Israel/Palestine Preparations

28 February 2017 – Tara Kleponis

After planning for months of traveling to Israel and Palestine, the trip is finally days away, and I’m struggling to fathom just how soon I’ll be abroad. As soon as I learned about an opportunity to travel to an area with a culture so rich and a conflict so deep that the only way to understand is to go, I knew I had to be there. This is a once-in-a-lifetime trip where I will experience religion and disdain, homestays and hotels, bussing and hiking, new foods, new oceans, and so much more. I’d never imagined that my senior year would include a journey to a region brand new to me, yet here I am, packing my suitcase and gathering my passport.

In Israel and Palestine, I will be speaking to locals to hear their stories and learn about their cultures. As there is conflict ongoing in the area, I will be sure to hear stories that contrast with one another in belief and action, yet every single one will be true. Why is that? Each person has had their own experience, and some have dealt with situations which have caused them to look at the world and their neighbors in different ways. While abroad, it is not the job of us Westtown students to draw conclusions about what we encounter, but to listen respectfully and learn from those we meet.

I cannot wait to explore a place so different from the one I know, and hope to see the world in a new way, or a bigger way, upon my return. Here I will share my personal experiences from Israel and Palestine–talk to you soon!

Cuba: Prologue Edition

First, let me start by introducing myself.  My name is Madison Rice, I prefer to go by Maddie, I am a senior this year, and I have very little experience with the Spanish language.  What I mean by that is I completed Spanish 2 and proceeded to drop the course, therefore I am not anywhere near fluent.  I can choke out a few butchered sentences about the weather and my day, so I’m very nervous to completely dive into a whole new society where English is not their first language.  Quite frankly, I’m terrified.  This sense of fear has been shoved to the side as I’ve been packing and getting ready for the trip, but now that I’m a little over one day away from loading my suitcase onto a plane and flying to Cuba, the fear has settled in.

This fear is accompanied by a strong desire for adventure and curiosity.  I am excited to dive into a new country and to be enveloped by a new culture.  I’m overwhelmed with joy to be able to go to a country with beautiful weather.  I’m also excited to be able to take this leap into Cuba with many of my friends.  This is my final hoorah as a senior at Westtown, my second home.  I am so thankful for this opportunity and I cannot wait to come back and share my experience, and learn about other senior projects once we return from spring break.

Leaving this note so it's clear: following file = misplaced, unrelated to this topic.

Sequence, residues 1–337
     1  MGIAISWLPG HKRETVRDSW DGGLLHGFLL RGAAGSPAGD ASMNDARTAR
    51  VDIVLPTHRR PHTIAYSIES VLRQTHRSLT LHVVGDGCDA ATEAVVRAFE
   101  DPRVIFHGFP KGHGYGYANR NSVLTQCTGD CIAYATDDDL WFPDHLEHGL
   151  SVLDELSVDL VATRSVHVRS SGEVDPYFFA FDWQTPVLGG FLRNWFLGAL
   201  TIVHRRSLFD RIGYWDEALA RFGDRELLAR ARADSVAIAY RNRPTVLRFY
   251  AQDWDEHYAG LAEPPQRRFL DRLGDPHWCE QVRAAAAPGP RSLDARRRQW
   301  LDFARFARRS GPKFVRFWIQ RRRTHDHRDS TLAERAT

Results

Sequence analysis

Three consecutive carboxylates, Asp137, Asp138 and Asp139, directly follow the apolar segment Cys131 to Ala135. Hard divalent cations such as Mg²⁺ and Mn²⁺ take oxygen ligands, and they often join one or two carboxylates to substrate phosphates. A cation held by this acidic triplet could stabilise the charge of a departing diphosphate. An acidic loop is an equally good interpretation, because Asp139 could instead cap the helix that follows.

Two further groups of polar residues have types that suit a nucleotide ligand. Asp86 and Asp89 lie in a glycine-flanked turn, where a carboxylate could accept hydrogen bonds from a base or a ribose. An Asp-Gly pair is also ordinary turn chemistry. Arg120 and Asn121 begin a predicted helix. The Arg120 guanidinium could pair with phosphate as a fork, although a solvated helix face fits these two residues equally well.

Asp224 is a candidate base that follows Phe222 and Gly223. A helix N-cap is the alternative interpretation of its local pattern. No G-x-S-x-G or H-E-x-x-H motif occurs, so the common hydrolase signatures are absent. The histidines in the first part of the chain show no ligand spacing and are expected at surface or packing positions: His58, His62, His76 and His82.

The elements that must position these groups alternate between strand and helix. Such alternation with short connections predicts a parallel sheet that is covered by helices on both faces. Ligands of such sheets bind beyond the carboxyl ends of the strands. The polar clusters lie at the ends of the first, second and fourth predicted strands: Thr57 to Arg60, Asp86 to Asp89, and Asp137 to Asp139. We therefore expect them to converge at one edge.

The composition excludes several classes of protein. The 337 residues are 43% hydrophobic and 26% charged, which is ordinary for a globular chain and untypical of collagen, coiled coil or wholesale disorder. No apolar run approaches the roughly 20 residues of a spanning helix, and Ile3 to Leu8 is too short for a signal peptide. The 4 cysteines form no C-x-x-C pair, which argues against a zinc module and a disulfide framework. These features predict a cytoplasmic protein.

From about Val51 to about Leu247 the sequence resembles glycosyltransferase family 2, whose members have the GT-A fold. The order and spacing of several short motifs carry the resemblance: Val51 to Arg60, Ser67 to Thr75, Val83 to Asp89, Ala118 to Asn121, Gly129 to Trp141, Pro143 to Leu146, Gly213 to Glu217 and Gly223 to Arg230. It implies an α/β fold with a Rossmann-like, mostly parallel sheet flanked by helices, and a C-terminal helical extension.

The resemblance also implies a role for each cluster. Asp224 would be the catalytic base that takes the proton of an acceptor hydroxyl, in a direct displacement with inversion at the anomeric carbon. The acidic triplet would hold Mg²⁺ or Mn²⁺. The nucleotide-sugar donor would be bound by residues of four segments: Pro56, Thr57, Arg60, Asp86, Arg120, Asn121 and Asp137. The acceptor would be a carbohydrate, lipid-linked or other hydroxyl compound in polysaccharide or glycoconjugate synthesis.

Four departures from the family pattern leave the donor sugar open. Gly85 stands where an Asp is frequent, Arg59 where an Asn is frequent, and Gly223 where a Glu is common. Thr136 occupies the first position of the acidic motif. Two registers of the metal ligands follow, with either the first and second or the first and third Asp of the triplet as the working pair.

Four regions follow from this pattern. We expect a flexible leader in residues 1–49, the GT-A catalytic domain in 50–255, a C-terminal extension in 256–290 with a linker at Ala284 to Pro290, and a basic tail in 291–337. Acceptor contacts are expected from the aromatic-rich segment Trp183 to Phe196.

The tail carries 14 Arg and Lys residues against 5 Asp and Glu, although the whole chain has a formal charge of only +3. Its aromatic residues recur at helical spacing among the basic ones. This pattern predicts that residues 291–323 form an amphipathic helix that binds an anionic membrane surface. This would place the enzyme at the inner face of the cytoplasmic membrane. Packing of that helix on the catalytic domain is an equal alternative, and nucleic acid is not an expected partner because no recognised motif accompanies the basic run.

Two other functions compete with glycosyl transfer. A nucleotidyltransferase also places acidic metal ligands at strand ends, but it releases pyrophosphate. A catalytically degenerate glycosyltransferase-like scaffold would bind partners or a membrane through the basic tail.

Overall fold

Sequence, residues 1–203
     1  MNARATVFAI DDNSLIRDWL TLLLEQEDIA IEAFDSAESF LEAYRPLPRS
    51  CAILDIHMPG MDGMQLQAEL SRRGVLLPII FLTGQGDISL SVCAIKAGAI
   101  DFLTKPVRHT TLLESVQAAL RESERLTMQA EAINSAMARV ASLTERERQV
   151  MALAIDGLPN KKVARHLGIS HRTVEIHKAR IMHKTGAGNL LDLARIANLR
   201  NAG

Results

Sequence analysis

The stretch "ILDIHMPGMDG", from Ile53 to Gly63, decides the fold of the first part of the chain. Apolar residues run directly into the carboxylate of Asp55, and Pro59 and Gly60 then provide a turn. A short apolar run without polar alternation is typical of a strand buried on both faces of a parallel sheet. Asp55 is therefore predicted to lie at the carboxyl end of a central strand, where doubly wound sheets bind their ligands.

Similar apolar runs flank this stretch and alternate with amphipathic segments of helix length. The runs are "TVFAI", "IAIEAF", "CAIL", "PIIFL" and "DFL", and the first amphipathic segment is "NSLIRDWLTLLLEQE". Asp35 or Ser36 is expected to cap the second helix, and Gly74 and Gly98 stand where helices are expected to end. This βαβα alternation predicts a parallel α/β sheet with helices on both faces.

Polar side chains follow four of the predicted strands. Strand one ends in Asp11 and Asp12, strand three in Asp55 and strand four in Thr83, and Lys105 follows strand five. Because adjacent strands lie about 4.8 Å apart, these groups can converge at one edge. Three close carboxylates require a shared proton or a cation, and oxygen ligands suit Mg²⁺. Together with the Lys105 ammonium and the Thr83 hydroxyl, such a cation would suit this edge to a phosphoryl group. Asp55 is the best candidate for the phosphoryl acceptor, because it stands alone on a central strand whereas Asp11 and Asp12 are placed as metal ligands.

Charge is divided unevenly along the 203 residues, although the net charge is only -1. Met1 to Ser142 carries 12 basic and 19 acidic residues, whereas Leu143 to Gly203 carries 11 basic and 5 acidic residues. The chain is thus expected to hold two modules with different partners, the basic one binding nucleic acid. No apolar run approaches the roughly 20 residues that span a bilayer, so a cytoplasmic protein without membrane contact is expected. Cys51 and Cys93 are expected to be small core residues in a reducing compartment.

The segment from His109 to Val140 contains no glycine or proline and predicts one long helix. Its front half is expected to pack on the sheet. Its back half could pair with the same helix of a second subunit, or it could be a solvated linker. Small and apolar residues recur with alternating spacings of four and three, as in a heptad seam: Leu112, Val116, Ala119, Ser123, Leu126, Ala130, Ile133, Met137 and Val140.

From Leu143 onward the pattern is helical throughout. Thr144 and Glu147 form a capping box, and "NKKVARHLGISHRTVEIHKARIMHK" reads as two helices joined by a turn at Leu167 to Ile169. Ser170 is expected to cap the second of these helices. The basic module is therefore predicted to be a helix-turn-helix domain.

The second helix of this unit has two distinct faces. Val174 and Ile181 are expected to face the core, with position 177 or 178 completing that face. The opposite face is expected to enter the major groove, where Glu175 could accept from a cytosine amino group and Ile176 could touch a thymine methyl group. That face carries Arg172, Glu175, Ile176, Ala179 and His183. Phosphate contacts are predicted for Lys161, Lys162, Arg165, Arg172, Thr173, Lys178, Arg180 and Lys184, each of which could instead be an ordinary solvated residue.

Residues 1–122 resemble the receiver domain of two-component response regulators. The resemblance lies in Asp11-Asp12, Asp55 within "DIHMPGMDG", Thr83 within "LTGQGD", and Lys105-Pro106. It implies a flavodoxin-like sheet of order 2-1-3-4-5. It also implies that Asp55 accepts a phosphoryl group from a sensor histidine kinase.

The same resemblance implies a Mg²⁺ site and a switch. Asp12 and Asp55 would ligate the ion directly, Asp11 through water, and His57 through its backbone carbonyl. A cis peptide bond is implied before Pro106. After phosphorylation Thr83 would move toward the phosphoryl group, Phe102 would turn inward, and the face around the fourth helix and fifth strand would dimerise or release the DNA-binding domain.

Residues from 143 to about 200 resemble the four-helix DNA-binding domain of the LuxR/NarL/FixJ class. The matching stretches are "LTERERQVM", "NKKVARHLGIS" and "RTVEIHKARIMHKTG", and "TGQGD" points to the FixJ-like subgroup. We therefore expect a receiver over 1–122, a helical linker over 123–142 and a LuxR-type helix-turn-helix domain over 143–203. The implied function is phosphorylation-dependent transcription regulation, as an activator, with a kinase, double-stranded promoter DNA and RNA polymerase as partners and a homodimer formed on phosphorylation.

Maddie Rice

 

Before Israel/Palestine

I’ve wanted to go on this trip since 8th grade, when I took Middle Eastern History with T. John McKinstry. He had just gone on the trip and was telling us all about it. I remember sitting there and thinking how amazing this trip sounded. I was ready to stop sitting in a classroom and go visit these places. Unfortunately I would have to wait four more years.

The purpose of the trip is to learn about the religious significance of the region and the ongoing conflict. We will be visiting many religious sites along with sites of conflict, such as the Separation Wall and the Aida Refugee Camp. We will be talking with people from both sides of the conflict to hear their views and opinions.

Our many pre-trip meetings have provided excellent information. I feel so much more knowledgeable and prepared to delve into the region’s issues because of our research and discussion. I have been aware, however, that everyone in our group tends to see the issues similarly. That’s fine of course; it’s great to be traveling with people who share values and perspectives. But I do want to be careful that I never get stuck in group think or feel pressure to conform to a certain opinion. I won’t be a valuable contributor to the group if I fail to promote and respect independent thinking.

Something I’ve realized with the recent election is that some people fundamentally see the world differently than I do. It’s easy to become frustrated and angry and blast my political opponents with what I consider persuasive information. That doesn’t work. What I’ve tried to do recently is more fully understand what they think and why they think it. I’ve got to carry this new approach with me to Israel/Palestine. I can’t go in thinking I know how people should feel or act. People have lived different lives and have different perspectives. It would be incredibly arrogant to think I know how to solve the region’s centuries-old conflicts. I’m going there to listen to everyone with thoughtful respect. I will learn everything I can, and then come home and process the information. I will then be able to develop a much more enlightened and nuanced understanding of this globally important region with its rich culture and complicated, sometimes terrifying problems.

Jane Mentzinger